Roasted pheasant stuffed with wild rice served with pomegranate and persimmon sauce makes a flavorful winter dish.
Some would say that pot roast is ordinary fare suitable only for family dining. Nonsense I say – with good presentation, a beautifully plattered pot roast dressed up with it’s accompanying vegetables and sauce should delight even the most discriminating diner. After all, this baby sits on a lofty pot roast plateau by virtue of including porcini mushrooms and a Willamette Valley Pino Noir in the sauce.
Shortly after Jeff DeSantis poured everyone a shell of Emily’s Ember, our servers presented the first course, Tempura of Shrimp and Oregon Dungeness Crab Beignets with Remoulade Sauce. Bringing Japanese and Creole elements together made a perfect first course. The crunch of the tempura batter was beautifully offset by the soft crab beignets and both paired well with the remoulade sauce. Without directly asking the chef, I have a hunch that a touch of Emily’s Ember was in the tempura batter and the semi-spicy remoulade.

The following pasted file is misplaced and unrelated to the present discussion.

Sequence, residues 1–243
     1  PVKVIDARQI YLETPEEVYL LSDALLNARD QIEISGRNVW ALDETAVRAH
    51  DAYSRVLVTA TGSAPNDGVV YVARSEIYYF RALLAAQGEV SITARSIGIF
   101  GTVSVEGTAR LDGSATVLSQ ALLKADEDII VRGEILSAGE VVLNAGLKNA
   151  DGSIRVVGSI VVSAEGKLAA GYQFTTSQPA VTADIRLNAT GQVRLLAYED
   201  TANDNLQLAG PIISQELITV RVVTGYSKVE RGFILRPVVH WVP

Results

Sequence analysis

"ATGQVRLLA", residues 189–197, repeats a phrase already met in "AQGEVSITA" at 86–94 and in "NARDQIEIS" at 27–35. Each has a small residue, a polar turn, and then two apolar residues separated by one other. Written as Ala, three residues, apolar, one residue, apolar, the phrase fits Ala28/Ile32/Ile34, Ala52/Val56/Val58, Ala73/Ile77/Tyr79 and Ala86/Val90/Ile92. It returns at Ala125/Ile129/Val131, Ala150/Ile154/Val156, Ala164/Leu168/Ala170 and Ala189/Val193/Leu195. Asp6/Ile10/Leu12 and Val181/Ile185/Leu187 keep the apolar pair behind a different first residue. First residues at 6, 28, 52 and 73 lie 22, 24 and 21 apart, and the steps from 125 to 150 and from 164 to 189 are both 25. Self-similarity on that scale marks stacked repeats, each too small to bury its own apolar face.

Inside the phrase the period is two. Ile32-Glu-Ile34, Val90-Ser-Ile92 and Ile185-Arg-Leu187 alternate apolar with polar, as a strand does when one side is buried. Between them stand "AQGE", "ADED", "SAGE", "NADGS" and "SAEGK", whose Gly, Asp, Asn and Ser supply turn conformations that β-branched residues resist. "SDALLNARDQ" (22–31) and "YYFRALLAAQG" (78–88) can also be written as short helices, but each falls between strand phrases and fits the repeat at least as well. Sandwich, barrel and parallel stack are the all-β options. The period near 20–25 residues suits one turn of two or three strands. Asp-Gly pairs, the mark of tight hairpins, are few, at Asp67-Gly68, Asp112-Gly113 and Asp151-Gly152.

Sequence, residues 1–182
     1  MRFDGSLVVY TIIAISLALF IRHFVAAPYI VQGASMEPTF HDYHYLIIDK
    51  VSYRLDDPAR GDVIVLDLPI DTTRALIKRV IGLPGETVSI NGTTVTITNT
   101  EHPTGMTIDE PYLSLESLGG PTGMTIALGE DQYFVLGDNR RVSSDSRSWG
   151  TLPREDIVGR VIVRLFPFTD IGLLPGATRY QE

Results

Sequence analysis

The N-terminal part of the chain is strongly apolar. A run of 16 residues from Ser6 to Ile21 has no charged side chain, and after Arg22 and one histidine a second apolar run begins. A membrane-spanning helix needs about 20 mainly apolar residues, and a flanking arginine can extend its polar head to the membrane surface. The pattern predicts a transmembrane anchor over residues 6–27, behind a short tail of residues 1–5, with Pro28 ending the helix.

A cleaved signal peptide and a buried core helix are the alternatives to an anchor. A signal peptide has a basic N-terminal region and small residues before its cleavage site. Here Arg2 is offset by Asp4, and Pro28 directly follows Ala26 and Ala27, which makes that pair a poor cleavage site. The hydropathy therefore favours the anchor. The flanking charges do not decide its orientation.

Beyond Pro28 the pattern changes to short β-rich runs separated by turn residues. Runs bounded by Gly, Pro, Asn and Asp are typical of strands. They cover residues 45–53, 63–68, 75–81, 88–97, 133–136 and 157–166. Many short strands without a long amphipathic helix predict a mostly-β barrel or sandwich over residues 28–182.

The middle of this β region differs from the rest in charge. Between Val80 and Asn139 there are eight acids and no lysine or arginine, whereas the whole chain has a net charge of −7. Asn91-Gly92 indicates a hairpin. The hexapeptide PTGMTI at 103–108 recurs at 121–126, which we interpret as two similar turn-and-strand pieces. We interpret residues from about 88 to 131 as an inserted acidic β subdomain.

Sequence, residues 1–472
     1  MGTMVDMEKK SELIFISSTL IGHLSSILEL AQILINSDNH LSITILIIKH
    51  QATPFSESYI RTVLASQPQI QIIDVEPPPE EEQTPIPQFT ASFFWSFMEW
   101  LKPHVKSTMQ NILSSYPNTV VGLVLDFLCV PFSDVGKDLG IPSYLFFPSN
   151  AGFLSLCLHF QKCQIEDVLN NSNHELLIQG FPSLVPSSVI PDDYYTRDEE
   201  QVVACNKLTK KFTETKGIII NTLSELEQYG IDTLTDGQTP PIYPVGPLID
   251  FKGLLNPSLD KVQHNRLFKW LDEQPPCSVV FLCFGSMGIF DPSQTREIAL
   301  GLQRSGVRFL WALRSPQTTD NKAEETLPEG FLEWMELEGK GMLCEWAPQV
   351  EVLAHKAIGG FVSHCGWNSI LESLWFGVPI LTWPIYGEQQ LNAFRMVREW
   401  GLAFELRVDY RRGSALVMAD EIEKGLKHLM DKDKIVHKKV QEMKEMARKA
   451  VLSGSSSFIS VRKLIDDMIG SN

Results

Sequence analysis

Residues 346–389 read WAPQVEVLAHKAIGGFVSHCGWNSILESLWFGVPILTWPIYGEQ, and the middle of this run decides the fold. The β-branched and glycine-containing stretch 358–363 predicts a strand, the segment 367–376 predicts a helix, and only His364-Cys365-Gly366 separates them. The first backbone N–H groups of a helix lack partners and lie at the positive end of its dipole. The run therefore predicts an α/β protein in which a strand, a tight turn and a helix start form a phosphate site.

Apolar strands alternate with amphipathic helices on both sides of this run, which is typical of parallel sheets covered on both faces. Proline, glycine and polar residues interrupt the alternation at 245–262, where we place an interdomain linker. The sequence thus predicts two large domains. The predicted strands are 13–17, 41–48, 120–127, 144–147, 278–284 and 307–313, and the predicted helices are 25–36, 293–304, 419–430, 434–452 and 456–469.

With the first sip and bite, we knew we were in for a special treat.
A beef stew appears on the tables in many cultures and countries. France has “boeuf bourguignon” as well as “daube de boeuf Provençal”. Belgium has “vlaamse stovery” or “les carbonades Flamandes”. Mexico and the Southwest have “carne guisada” which translates as “meat in gravy”. In Ireland it’s called, of all things, Irish stew and more times than not, it contains a liberal glug of Guinness Stout. Here in the US of A we have, well, beef stew and, being as we are the self-proclaimed melting pot of the world, we often make it any way we wish.
Pranee doesn’t eat meat (meat=beef to her; pork, poultry and seafood are still on her “A list”) but occasionally renders up some beef dish for her hungry sons. Not long ago, she surprised me with her Beef with Peppers. She noticed the tears and sweaty scalp all the way through my enjoyment while asking, “Too spicy?” “No,” I wheezed, “just right.” Tears and reactions such as perspiring aren’t always synonymous with sadness or discomfort. Sometimes wonderfully spicy food will just shoot you straight into an endorphin high.